The physical environment for biotic habitat in the high-energy and shallow-water coastal shelves consists of very dynamic and complex large seabed features such as sand banks, sand waves, shore-connected ridges and flat surface [6-12]. Sandy patches commonly accentuate the surface of such seabed features. The sorting of sediments and their grain-size compositions are created under the influence of certain hydrodynamic conditions imposing the associated complex bathymetry; e.g. [5,6,8,11]. Significant change of this physical environment will ultimately influence the structuring of fish community, such as demersal and pelagic fish [8,13,14]. For this reason, among other most important points in creating benthic habitat mapping from a survey data collection is to confidently interpret properties of surface sediments. The degree of uncertainty of the interpretation determines the reliability of the resulting habitat maps.

On the other hand, particularly in shallow-water (<30 m) high-energy environments, knowledge of spatial relationships among benthic biota and sedimentary features has been severely limited by sampling technology [5,8]. Most sampling and surveying methods of benthic habitat mapping provide either high-spatial resolution over a small coverage area or low-spatial resolution over a large coverage area, given the economical constraint of habitat monitoring campaigns. In an ideal case, to achieve an ecologically meaningful habitat mapping, for instance, to monitor the influence of physical processes on habitat dynamics, the whole habitat system should be spatially covered while at the same time maintaining high resolution sampling points, for instance, of the type of sediments, benthic fauna or flora, etc. This is, however, rather difficult to achieve from the field surveys, particularly in the high-energy shallow sandy shelves such as the one in front of the Spiekeroog Barrier Island at the German Bight of the North Sea. The present study exemplifies the possibility of surface sediment data acquired by the grab sampling technique to be used in producing a high-resolution and full coverage surface grain-size mapping. Despite conventional, on the positive side, grab sediment sampling offers a fairly highly informative data on sediment particle size, compared to a descriptive sediment classification interpreted from a small-coverage, otherwise costly, side-scan sonar or multi-beam techniques.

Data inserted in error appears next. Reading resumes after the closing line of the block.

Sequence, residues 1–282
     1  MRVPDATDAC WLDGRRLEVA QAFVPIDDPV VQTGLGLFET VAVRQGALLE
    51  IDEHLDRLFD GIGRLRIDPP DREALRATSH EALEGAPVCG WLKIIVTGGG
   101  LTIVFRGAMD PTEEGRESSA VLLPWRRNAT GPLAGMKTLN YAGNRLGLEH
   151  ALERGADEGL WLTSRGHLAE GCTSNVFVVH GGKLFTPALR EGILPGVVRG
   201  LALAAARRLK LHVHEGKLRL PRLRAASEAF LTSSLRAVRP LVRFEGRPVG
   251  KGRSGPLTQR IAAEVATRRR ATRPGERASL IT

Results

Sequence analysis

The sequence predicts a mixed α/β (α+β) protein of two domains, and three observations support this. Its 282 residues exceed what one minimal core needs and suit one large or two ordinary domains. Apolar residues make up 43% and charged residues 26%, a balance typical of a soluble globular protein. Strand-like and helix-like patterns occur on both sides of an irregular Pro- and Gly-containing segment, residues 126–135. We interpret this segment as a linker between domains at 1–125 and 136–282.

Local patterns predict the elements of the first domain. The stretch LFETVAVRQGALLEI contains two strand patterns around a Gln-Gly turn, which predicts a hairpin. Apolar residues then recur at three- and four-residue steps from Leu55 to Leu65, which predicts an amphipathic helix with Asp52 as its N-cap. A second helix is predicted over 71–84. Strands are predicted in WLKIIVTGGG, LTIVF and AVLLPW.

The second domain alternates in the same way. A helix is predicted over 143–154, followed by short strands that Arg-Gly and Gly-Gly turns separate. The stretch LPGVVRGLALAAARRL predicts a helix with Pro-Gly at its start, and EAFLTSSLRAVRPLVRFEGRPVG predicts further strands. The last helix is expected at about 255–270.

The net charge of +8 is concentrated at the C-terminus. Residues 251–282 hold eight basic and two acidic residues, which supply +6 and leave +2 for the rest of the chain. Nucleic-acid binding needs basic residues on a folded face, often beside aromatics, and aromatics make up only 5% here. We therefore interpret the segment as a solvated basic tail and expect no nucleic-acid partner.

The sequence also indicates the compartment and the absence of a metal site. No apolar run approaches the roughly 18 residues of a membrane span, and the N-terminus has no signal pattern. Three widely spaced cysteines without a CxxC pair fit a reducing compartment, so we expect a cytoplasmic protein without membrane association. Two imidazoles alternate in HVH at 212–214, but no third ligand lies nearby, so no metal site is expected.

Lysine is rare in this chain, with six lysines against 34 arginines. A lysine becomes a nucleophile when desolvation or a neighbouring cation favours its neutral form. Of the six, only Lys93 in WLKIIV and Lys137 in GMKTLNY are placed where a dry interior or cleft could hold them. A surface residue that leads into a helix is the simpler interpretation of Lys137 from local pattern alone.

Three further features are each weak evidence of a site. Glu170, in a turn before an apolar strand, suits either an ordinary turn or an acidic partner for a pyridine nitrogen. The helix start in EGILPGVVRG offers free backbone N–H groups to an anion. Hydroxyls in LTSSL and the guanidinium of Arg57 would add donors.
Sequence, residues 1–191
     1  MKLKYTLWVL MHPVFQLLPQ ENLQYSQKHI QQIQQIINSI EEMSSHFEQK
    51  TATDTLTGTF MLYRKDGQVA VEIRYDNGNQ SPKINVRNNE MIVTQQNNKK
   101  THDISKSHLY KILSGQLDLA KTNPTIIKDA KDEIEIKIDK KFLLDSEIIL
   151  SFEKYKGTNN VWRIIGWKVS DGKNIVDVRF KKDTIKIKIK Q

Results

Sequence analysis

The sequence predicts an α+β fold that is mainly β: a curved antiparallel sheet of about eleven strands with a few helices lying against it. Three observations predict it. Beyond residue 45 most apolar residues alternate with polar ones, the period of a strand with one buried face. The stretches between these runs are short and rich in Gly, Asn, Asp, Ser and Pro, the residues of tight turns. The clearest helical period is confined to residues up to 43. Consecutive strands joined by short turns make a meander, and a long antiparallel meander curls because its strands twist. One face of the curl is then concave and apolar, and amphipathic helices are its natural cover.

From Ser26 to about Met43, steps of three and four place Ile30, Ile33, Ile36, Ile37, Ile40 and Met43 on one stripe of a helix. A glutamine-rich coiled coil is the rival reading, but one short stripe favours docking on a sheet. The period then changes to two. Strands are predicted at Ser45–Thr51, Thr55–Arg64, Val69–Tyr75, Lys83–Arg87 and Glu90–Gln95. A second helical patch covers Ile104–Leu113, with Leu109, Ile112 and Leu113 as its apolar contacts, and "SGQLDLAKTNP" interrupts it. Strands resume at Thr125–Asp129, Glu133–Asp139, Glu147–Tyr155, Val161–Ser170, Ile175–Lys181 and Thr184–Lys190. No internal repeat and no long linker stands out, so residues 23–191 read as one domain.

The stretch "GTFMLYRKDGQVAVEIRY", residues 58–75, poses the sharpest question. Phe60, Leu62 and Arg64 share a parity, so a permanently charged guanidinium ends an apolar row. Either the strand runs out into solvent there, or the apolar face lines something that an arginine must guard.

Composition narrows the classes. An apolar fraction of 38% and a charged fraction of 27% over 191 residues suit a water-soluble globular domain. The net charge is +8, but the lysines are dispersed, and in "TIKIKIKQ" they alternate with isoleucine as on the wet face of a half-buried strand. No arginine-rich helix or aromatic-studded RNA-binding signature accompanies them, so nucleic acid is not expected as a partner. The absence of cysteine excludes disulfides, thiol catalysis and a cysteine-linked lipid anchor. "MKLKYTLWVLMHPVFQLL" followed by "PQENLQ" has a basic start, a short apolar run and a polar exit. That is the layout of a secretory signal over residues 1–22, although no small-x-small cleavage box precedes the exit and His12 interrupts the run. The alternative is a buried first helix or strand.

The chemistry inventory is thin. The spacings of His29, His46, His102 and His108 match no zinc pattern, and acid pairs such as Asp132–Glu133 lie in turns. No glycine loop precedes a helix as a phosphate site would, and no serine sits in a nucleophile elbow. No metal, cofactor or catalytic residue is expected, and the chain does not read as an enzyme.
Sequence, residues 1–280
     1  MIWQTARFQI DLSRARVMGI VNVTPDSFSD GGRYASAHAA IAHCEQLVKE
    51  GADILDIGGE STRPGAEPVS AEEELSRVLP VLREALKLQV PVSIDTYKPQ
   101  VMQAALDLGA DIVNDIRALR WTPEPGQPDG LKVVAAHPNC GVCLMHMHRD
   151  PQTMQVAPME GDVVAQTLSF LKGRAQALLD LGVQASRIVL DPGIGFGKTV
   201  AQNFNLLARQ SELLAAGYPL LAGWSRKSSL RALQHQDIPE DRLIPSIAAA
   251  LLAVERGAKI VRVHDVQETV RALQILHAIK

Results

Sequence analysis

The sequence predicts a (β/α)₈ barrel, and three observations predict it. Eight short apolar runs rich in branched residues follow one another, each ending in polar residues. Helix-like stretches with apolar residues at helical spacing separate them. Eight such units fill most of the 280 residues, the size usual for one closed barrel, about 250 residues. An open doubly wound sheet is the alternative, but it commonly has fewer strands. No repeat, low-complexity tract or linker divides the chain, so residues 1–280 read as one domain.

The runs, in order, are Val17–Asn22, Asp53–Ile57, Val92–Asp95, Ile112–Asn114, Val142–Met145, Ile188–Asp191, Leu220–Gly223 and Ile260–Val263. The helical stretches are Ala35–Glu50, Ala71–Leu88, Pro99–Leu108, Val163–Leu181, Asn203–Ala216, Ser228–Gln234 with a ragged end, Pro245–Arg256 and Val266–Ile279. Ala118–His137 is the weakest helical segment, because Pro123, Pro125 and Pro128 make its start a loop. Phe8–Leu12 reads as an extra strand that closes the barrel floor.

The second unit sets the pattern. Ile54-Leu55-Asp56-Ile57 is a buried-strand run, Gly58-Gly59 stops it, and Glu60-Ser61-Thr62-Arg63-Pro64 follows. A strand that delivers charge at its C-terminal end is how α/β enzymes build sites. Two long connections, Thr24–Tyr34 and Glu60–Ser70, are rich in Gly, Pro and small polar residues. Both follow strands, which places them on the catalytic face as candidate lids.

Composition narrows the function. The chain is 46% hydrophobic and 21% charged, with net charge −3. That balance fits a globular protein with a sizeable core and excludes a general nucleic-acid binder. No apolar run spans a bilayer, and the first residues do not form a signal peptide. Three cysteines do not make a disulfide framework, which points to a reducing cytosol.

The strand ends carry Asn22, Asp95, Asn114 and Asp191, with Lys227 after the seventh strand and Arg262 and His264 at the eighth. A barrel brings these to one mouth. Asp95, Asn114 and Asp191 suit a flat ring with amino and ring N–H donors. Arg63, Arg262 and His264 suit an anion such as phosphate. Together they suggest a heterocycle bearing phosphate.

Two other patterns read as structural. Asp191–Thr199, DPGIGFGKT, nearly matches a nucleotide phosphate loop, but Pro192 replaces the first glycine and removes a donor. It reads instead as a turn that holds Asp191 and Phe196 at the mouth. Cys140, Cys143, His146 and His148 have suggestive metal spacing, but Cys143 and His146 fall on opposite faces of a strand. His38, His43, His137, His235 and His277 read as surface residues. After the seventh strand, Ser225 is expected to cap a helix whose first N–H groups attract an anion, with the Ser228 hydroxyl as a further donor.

Multivariate geostatistics have been used to obtain detailed and high-quality maps of the median grain-size distribution of sand fraction in the large coverage area of the Belgian Continental Shelf; e.g. [6]. Kriging with an external drift (KED) was used with additional secondary information to assist in the interpolation. The result of this extensive study is principally promising as it has demonstrated more realistic surface sediment distribution compared to that using univariate ordinary kriging [6]. It separates clearly the sediment distribution over the largescale seabed features such as the sandbanks from the swales. However, the secondary data must be available at all primary data locations as well as at all locations being estimated. The present study attempts to apply an alternative of multivariate geostatistics method for point interpolation, Cokriging, to produce a high-resolution median grain-size distribution map. The general aim is to test whether the hypothetically natural relationship between the surface sediment distribution and complex bathymetry could be used to improve the quality of surface sediment mapping. This is based on our hypothesis that grain-size characteristics of the surface sediments must be intrinsically related to the hydrodynamic conditions (storm-induced currents) and the geometry of the seabed morphology. Also, for a sandy shelf environment, median grain-size percentage is an important parameter to explain and predict the occurrence of benthic organisms; e.g. [6,10]. In this study, we demonstrate better understanding of natural relationships between the median grain-size distribution and the degree of complexity of the seabed bathymetry through analysis of multivariate geostatistics can in a way produce a reliable and high spatial-resolution full coverage (raster) map of the surface sediments at the high-energy and shallow sandy Spiekeroog shelf at the German Bight of the Southern North Sea.